Here’s a breakdown of what each topic entails:

Algebra (35%)

  • Linear equations in one variable
  • Linear equations in two variables
  • Linear functions
  • Systems of two linear equations in two variables
  • Linear inequalities in one or two variables

Advanced Math (35%)

  • Equivalent expressions
  • Nonlinear equations in one variable and systems of equations in two variables
  • Nonlinear functions 

Problem Solving and Data Analysis (15%)

  • Ratios, rates, proportional relationships, and units
  • Percentages
  • One-variable data: distributions and measures of center and spread
  • Two-variable data: models and scatterplots
  • Probability and conditional probability 

Geometry and Trigonometry (15%)

  • Area, volume, perimeter
  • Lines, angles 
  • Triangles including right triangles

In addition, what used to be two sections (Math with Calculator and Math with No Calculator) has now been consolidated into one section, Math with Calculator. Just like ELA, this section will have two parts for adaptive testing purposes. Each part will be 35 minutes long and include 20 operational questions and two pre-test questions. 

With the removal of the Math with No Calculator section, students will now be able to use a calculator during the entire math section. Students will not need to bring their own as the new digital interface will have a graphing calculator built in.  

5. How to Prepare for the Digital SAT

“To be honest, I’m worried. I don’t think our 9th and 10th grade students have fully recovered from their pandemic learning loss; now we’re changing the test on them?” – Principal Austin Reynolds

Principal Reynolds isn’t the only one feeling this way. We’ve heard from hundreds of educators who don’t know how to prepare for the new test or where to even start.

At Horizon Education, we’re dedicated to ensuring that all our educators, administrators, students, and families understand the changes to the SAT and feel prepared for the new test this March. When you partner with us, we will work with your school or district to provide a sustainable, affordable, and effective readiness solution for the new SAT. 

Whether you’d like just the benchmark assessments or our entire curriculum offering, we will find a solution that’s right for you. Here’s what we offer:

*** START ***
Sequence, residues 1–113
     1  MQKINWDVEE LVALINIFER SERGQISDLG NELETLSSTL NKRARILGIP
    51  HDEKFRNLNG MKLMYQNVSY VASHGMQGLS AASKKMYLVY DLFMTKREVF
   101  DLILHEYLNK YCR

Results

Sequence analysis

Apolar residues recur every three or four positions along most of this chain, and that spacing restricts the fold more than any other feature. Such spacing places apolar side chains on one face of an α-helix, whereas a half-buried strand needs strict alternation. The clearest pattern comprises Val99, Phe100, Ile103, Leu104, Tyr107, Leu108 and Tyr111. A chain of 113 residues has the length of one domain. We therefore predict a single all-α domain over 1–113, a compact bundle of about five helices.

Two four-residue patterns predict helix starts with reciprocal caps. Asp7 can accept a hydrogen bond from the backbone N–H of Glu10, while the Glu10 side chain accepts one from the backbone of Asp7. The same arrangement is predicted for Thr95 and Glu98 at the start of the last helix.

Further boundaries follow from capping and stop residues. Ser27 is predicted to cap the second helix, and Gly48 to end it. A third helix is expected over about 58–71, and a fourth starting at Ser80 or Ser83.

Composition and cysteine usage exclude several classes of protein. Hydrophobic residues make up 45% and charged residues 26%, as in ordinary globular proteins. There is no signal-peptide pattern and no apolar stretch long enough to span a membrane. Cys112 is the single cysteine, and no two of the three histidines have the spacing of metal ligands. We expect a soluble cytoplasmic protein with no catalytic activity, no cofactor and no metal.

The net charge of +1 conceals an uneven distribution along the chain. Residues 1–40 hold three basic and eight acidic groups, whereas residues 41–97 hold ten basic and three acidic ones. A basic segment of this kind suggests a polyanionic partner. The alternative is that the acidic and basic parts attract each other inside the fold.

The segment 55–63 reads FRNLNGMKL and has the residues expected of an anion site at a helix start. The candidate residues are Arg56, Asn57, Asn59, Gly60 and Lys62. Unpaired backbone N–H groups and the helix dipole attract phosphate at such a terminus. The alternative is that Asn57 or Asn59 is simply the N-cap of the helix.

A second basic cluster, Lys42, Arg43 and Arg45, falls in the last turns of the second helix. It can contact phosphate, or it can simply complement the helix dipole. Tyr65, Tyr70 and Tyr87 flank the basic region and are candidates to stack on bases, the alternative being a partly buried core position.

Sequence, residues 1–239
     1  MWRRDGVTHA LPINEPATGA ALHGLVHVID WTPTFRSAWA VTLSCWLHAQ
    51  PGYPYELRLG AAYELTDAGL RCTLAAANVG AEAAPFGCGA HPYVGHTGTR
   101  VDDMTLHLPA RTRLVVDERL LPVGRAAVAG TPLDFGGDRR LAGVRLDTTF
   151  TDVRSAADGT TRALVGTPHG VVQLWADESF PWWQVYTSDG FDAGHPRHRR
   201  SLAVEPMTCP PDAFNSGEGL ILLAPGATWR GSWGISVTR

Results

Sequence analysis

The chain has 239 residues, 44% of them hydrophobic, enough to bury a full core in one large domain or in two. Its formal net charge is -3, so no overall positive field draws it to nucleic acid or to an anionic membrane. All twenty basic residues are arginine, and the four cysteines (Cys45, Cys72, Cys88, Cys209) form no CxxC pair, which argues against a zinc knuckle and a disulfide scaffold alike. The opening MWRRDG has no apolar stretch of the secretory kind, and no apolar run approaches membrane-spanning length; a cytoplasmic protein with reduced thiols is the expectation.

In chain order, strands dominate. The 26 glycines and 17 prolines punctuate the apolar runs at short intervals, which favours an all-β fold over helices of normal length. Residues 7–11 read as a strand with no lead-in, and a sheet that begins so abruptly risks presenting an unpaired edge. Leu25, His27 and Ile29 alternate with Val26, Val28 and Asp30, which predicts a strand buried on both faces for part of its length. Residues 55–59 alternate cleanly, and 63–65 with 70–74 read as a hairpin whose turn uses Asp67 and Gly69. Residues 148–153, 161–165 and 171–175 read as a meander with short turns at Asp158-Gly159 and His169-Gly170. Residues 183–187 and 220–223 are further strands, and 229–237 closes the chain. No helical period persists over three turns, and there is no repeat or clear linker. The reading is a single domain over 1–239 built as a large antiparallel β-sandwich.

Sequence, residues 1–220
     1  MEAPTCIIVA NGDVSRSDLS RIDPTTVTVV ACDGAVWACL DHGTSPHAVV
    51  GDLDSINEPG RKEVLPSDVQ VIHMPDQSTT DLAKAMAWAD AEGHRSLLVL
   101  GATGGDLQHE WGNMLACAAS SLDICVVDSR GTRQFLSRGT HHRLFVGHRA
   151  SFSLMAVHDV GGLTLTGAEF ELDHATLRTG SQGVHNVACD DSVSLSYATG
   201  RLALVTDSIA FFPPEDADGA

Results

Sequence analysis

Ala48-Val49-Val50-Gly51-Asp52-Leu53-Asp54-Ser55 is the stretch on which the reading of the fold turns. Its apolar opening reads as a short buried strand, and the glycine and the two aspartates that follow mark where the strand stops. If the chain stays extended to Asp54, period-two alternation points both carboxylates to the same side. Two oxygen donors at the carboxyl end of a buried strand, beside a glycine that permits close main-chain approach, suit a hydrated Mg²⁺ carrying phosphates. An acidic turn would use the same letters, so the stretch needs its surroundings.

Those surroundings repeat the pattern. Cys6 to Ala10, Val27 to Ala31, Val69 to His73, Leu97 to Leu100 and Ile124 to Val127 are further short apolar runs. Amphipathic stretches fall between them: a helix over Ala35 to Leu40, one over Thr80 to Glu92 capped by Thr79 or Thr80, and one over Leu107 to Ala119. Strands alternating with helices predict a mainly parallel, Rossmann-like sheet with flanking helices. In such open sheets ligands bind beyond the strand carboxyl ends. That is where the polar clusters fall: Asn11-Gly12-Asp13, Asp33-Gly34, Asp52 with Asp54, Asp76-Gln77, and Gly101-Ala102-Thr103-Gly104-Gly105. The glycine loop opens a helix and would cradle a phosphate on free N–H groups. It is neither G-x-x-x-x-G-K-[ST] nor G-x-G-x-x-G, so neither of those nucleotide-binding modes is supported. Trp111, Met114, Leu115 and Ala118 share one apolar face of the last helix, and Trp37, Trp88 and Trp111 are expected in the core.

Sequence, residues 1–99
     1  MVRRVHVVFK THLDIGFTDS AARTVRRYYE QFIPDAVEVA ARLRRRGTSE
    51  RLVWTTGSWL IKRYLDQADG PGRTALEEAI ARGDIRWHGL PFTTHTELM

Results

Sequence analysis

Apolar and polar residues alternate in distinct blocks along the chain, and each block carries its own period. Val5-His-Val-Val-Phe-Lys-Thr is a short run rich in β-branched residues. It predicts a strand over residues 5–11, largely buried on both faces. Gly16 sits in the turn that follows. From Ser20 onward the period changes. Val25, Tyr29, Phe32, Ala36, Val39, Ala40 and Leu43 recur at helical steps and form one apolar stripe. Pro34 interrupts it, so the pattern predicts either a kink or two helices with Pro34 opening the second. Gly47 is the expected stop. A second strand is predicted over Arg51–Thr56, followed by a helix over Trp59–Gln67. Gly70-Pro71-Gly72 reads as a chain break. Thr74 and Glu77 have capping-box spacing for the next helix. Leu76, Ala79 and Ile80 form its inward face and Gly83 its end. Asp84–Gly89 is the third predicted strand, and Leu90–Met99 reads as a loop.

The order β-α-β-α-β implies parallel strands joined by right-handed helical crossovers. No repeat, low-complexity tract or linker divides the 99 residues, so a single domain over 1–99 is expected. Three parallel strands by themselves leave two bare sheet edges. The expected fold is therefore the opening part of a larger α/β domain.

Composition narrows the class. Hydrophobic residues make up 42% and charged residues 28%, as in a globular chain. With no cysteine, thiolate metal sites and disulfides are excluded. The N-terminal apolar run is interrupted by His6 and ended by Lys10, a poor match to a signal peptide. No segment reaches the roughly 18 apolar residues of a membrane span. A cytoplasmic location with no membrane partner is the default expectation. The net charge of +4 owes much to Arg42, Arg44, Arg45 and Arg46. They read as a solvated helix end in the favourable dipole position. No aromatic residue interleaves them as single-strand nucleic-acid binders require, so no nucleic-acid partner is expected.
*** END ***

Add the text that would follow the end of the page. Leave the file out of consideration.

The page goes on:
Horizon Benchmark Assessments for the New SAT

Our benchmark assessments provide exam-like items that mirror the length, difficulty, and content standards of the new SAT. We also use a digital adaptive testing interface that mimics the new SAT format. You can give your students an authentic testing experience before the actual test, whether they’re on a Chromebook, laptop, or desktop.

Plus, with our proprietary scoring algorithm, Your students will get their results within minutes (instead of months) so they can see where they are struggling and remediate right away. With only a month to go until the new SAT, now is the perfect time to administer a benchmark assessment, identify your students’ strengths and weaknesses, and take immediate action.  This is a great opportunity for schools to provide a benchmark assessment for their 9th and/or 10th grade students during the same time 11th grade students are taking the state exam.

Horizon Readiness Courses for the New SAT

There’s no need to come up with your own curriculum for the new SAT! We have over 90 hours of curriculum that is aligned with the new SAT, including pre-built lesson plans, activities, support videos, and remediation. Our readiness courses are easy to implement in any classroom setting (including after-school programs or elective classes) and have been proven to boost scores by an average of +160 points. Give your students the support they need to improve their SAT readiness and gain testing confidence!

“I’m glad we are partnered with Horizon. If it wasn’t for [Horizon Education] we wouldn’t know where to start.” – Principal Reynolds

Don’t wait — schedule your free demo with us today. Let’s master the new SAT together!